Section 52 (1) of the Adoption Act 2002 has abolished all the previous grounds for dispensing with parental consent except for one and has replaced them with the welfare principle:
The court cannot dispense with the consent of any parent or guardian of a child to the child being placed for adoption or to the making of an adoption order in respect of the child unless the court is satisfied that—

  • the parent or guardian cannot be found or is incapable of giving consent, or
  • the welfare of the child requires the consent to be dispensed with.

The second condition is now the major ground for dispensing with parental consent. It raises the serious question of what weight, if any, is to be given to parental interests or rights in preserving their legal relationship with the child. It becomes clear that if the court’s view is that adoption is in the child’s best interests, then whether or not the parent is behaving reasonably in objecting to this will have no bearing on the decision. [Bainham and Gilmore/ Children – the Modern Law/ Fourth edition/ Bristol: Jordan Publishing Limited, 2013, 689]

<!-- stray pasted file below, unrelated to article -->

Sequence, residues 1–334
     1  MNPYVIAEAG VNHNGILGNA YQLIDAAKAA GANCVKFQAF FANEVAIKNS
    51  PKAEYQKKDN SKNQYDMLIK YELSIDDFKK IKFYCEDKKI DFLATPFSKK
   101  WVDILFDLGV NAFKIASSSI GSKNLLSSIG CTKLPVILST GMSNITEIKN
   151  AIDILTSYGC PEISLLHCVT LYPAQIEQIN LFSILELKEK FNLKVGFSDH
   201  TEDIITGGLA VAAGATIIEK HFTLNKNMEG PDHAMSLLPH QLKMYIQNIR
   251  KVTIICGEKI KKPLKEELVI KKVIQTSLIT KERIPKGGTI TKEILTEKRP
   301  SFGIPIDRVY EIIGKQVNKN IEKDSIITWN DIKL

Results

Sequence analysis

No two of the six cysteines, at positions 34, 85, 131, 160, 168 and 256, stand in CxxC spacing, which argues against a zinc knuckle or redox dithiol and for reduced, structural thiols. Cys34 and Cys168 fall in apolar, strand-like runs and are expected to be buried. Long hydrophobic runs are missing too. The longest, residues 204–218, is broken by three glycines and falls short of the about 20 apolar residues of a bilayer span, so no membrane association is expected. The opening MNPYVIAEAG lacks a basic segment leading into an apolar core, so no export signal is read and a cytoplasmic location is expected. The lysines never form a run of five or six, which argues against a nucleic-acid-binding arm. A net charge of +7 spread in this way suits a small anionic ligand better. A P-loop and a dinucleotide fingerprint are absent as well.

When a parent endeavours to oppose the making of the adoption order at that stage, they have to clear three fences which can be seen to be progressively higher fences. The first is to establish the necessary change of circumstances. The second is then to satisfy the court that, in the exercise of discretion, it would be right to grant permission. The third and final stage would of course be to persuade the court at the opposed hearing to refuse the adoption order and to reverse the direction in which the child’s life has travelled since the inception of the original public law care proceedings. [Borough of Poole v W & another [2014] EWHC 1777 (Fam), para 8]

In paragraph 24 of the judgement quoted above the judge recognised that the parents had demonstrated “a commitment to the child which entitles them to have their wishes and feelings considered” yet was concerned whether the child in question would “survive the process of rehabilitation” to her parents’ care. On balance, the judge decided to make the adoption order, concluding: